On April 10, the U.S. Senate passed the Target Practice and Marksmanship Training Support Act (S. 94) on a voice vote without amendment – a significant milestone in advancing priority legislation for the sportsmen’s community.
S. 94 was introduced by Congressional Sportsmen’s Caucus (CSC) Member Senator Shelley Moore Capito (WV), and is co-sponsored by numerous bipartisan CSC members. In February, the Senate Environment and Public Works Committee advanced this legislation, which was supported by CSF and partners from the wildlife conservation community.
This bill would amend the Pittman-Robertson Act to help increase public access to public target shooting ranges for sportsmen and women. Specifically, S. 94 would provide flexibility to state fish and wildlife agencies by reducing the state and local fund match requirement for the construction, operation, and maintenance of public target shooting ranges from 25% to 10%. Furthermore, this legislation would allow state agencies to accrue funds for the construction of public target shooting ranges for a period of five years as opposed to the current limitation of two years. This added flexibility would provide states additional opportunities to build and develop shooting range projects over multiple budget cycles while enhancing their ability to maintain existing ranges.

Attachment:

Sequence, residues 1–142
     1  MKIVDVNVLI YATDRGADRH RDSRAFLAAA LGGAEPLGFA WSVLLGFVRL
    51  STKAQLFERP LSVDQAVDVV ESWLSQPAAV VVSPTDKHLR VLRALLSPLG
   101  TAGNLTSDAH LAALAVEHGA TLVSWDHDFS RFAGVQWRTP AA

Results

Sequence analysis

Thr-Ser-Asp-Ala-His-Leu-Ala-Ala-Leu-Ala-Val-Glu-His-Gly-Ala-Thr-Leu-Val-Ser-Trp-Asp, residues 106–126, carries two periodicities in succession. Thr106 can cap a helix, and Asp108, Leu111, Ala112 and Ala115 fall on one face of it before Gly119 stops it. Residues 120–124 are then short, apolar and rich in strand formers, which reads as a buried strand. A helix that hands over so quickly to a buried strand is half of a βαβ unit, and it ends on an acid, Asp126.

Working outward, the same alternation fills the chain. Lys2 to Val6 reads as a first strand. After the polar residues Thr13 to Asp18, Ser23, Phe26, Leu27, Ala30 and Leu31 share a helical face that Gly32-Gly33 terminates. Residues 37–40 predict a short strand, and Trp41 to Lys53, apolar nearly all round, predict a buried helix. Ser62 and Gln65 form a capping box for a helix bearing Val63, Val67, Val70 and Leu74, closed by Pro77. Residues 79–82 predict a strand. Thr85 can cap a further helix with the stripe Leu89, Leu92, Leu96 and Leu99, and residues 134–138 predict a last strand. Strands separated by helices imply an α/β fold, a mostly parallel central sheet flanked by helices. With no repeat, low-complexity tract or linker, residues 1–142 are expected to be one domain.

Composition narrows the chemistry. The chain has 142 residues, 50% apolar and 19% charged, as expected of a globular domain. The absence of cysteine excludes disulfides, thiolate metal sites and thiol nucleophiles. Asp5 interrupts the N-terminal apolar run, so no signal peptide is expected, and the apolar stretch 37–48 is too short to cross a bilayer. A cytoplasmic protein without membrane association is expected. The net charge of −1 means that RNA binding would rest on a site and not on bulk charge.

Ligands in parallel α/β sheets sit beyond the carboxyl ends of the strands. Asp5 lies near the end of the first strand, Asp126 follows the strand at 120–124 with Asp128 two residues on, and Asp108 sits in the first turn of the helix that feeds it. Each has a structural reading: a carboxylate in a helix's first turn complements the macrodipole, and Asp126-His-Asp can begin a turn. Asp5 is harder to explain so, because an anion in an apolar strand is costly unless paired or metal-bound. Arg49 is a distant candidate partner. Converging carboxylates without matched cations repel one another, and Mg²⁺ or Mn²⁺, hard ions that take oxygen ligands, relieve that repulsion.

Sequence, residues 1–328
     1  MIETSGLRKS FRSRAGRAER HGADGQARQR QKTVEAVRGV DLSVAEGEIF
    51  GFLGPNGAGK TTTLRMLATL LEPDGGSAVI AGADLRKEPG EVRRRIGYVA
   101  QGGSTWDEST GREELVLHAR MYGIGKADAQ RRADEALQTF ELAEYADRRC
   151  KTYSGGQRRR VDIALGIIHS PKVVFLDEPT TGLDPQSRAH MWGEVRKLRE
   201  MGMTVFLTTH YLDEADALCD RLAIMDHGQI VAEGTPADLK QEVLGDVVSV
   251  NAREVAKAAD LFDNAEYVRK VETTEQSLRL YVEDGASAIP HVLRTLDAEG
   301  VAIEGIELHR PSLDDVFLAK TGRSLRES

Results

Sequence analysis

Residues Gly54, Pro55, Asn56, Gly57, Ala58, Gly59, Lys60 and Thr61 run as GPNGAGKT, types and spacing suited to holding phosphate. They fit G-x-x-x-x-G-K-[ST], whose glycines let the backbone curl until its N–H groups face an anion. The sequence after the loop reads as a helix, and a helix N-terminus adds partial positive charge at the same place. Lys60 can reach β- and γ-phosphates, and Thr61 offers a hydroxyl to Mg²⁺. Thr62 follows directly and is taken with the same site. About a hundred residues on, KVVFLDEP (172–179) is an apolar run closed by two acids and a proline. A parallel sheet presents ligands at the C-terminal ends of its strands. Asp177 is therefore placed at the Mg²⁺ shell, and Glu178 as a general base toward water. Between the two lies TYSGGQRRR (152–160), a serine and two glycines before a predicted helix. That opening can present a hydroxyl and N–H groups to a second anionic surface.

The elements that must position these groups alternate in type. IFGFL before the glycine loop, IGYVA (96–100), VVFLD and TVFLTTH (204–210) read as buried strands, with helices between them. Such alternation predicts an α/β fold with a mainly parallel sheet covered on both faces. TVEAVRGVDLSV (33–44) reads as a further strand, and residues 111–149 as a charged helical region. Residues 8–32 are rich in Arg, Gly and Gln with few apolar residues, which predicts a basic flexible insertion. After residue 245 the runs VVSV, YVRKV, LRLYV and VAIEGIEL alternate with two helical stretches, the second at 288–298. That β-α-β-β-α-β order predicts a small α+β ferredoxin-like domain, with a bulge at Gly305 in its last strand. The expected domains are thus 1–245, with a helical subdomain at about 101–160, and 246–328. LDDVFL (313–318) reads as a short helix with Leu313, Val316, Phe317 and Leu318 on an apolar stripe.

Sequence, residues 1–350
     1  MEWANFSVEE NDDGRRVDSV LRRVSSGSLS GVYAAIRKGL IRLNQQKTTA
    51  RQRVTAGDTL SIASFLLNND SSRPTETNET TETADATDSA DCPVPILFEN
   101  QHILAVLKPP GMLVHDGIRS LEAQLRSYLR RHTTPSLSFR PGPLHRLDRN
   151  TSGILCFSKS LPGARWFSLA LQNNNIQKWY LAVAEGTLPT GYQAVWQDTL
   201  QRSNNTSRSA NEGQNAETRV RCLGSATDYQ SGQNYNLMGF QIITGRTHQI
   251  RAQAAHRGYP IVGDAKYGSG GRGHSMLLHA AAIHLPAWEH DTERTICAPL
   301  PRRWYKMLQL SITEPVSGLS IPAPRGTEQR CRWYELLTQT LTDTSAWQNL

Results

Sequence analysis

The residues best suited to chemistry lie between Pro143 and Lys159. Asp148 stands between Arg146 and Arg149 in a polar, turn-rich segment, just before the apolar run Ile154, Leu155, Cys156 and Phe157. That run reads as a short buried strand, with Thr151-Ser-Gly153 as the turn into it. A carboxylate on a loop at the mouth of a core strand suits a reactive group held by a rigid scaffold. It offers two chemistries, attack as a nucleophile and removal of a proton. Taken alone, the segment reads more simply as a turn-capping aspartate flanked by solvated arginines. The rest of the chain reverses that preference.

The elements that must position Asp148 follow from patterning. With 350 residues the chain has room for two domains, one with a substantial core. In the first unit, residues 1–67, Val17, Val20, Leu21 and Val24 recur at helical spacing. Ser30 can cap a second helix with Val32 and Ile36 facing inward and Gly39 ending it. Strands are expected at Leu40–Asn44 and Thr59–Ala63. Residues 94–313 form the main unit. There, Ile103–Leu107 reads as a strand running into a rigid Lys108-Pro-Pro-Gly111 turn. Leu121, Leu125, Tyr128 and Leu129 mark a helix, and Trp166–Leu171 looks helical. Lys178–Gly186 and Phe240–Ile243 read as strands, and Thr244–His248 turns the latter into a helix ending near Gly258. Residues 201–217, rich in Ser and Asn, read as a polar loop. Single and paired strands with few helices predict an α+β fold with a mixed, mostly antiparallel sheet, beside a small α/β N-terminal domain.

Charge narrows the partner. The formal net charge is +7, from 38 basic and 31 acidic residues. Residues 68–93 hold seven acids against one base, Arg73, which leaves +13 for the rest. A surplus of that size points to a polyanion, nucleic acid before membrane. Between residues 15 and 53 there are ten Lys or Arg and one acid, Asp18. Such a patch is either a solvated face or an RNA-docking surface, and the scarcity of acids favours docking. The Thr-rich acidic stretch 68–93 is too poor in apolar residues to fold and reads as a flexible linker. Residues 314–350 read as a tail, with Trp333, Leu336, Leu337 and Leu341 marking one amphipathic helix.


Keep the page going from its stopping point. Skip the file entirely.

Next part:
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Studies conducted at both the state and federal level have found that the number of hunters and trappers have been on a generally declining trend over the past several decades. To increase recruitment, retention, and reactivation (R3) of hunters and trappers, which initiative do you think would have the greatest impact?Vote Here
- Increase the number of states with discounted license tailored to specific groups. (3.27%)
- Increase access to public lands. (26.12%)
- Provide more information for new participants. (2.86%)
- Provide hands on opportunities to improve skills and knowledge. (14.49%)
- Engage youth through hunter and conservation programs in schools. (45.71%)
- I feel we have enough sportsmen and women and do not believe R3 programs are necessary. (7.55%)